Five years of Prohibition have had, at least, this one benign effect: they have completely disposed of all the favorite arguments of the Prohibitionists. None of the great boons and usufructs that were to follow the passage of the Eighteenth Amendment has come to pass. There is not less drunkenness in the Republic, but more. There is not less crime, but more. There is not less insanity, but more. The cost of government is not smaller, but vastly greater. Respect for law has not increased, but diminished.–H.L. Mencken
But Noah he sinned, and we have sinned; on tipsy feet we trod,
Till a great big, black teetotaler was sent to us for a rod,
And you can’t get wine at a P.S.A., or chapel, or Eisteddfod.
For the curse of water has come again because
Of the wrath of God,
And water is on the Bishops board and the High Thinker’s shrine,
But I don’t care where the water goes if it doesn’t get into the wine. –G. K. Chesterton
December 5th was the 79th anniversary of the ratification of the 21st Amendment and the repeal of Prohibition. Hailed by lovers of personal liberty and advocates of small government, Repeal Day is celebrated as a victory of the individual over the encroaching impulses of big government and described as vindication of the notion that the attempt to legislate morality is a fool’s errand. While it is certainly evidence of the former, the political lessons of repeal speak more to an appreciation for the conditions of human flourishing than to the inadvisability of attempting to restrain vice through law.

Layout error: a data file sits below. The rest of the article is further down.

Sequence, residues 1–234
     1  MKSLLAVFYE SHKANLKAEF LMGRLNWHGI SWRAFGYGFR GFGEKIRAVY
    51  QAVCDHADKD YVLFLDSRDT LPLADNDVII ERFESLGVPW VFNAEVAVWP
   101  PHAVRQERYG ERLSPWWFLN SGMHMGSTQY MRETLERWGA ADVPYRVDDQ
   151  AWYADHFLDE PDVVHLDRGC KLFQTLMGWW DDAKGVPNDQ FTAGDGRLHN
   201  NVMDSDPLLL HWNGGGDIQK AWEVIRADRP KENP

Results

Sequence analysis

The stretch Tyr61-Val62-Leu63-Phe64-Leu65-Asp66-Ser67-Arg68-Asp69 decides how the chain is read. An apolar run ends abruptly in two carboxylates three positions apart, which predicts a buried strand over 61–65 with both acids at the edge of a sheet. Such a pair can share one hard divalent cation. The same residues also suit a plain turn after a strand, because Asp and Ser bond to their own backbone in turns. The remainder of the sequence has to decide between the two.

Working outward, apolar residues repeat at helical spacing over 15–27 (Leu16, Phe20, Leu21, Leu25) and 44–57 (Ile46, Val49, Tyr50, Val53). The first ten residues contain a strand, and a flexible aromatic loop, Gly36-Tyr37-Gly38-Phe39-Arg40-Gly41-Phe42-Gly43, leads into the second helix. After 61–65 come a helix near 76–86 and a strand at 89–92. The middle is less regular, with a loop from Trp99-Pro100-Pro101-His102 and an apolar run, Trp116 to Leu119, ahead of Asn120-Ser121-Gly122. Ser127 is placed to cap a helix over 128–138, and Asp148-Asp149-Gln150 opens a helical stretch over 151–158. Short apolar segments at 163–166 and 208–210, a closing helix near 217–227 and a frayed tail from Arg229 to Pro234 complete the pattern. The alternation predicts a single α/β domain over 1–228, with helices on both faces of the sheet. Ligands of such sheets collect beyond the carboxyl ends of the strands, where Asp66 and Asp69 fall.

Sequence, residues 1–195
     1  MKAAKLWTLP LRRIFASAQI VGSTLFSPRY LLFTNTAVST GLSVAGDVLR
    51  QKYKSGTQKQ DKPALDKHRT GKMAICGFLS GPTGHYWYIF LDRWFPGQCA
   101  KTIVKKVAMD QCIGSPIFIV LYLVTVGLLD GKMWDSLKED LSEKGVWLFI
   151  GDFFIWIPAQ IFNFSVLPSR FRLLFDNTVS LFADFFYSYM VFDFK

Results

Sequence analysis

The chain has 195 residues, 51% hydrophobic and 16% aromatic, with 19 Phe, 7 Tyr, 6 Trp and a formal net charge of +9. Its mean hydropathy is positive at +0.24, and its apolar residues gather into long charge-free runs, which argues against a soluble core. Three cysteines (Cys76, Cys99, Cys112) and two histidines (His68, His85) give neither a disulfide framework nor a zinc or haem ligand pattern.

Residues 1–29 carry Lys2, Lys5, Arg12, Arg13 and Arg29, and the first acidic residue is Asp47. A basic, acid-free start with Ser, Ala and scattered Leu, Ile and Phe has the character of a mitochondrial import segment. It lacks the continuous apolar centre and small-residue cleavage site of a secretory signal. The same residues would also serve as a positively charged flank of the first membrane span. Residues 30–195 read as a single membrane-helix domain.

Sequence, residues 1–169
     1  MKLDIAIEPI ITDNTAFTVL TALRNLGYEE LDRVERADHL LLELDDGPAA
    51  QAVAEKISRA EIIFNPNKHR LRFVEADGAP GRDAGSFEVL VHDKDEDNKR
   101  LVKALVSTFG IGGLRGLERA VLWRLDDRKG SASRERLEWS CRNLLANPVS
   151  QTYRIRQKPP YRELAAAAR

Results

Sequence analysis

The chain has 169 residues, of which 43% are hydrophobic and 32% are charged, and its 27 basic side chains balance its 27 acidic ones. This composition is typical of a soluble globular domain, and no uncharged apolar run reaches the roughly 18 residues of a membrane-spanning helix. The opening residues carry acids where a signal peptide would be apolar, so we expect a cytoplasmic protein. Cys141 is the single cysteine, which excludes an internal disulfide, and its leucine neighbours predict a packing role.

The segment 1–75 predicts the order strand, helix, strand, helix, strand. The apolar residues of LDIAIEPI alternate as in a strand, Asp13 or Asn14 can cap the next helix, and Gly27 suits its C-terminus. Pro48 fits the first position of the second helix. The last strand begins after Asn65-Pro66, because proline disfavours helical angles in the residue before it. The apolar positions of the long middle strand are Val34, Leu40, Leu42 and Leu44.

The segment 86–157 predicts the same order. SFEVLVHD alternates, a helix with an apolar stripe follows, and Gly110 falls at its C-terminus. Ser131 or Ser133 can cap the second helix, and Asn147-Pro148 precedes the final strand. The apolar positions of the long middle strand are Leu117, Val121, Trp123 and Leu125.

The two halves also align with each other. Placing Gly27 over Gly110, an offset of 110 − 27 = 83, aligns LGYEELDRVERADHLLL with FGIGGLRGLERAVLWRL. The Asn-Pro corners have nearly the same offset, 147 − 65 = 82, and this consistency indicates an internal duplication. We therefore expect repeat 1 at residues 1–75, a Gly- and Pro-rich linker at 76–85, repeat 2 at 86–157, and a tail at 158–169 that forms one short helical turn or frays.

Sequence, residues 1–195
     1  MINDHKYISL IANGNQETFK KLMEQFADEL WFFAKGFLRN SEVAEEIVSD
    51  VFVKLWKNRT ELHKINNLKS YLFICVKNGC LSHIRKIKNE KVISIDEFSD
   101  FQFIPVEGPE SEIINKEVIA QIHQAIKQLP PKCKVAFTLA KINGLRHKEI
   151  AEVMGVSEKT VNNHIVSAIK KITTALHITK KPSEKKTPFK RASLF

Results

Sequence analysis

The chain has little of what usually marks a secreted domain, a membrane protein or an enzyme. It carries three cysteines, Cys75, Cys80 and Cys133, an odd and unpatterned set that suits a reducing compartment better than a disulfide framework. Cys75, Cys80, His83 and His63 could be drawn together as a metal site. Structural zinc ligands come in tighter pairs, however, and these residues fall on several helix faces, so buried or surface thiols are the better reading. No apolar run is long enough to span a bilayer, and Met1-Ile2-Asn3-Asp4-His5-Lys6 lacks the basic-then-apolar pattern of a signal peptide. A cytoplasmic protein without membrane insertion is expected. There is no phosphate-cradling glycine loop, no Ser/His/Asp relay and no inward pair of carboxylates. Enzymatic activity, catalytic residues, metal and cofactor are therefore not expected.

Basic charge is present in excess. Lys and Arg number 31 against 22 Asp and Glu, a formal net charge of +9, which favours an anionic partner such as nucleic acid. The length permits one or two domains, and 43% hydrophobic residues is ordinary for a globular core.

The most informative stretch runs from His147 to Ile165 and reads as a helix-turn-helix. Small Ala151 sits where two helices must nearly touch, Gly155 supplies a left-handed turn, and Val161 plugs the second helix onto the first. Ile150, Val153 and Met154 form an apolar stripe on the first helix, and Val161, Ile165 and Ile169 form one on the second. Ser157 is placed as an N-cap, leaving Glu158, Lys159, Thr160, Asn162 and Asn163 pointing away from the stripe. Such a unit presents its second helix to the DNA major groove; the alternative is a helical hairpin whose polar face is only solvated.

The tormented, but woefully misguided, souls in the Women’s Christian Temperance Union who brought about the Volstead Act were convinced that alcohol was the root of innumerable social pathologies—family decay in the form of poverty and spousal abuse and neglect foremost among them. What’s more, they were convinced that the law was the best tool to retard such vices that were afflicting the body politic. One can only imagine the chagrin of the architects of the moral crusade that, as Menken observed, Prohibition ushered in an era in which lawlessness was celebrated—so much so that the images of transgression, flappers sipping martinis from birdbath glasses, remain iconic depictions of freedom and frivolity to this day. Reflections upon the error that was Prohibition often ascribe the fault of the movement to the inclination to use the law to restrain “private behavior” by seeking to “legislate morality.” Such indictments typically lean on caricatured accounts of “puritanism” and social prudishness to account for the aims of the Temperance movement.
In her study of Prohibition, America’s Women: 400 Years of Dolls, Drudges, Helpmates and Heroines, Gail Collins describes the surprise of one of the movement’s leaders upon discovering impoverished communities largely populated by teetotalers. Such encounters suggest a misdiagnosis of the causes of genuine social ills. Prohibition was the wrong answer to real problems; but its failures as a policy may well have been a consequence not of the attempt to legislate morality, but a lack of appreciation for one of the great accomplishments of civilization and one of the delightful complements to human flourishing.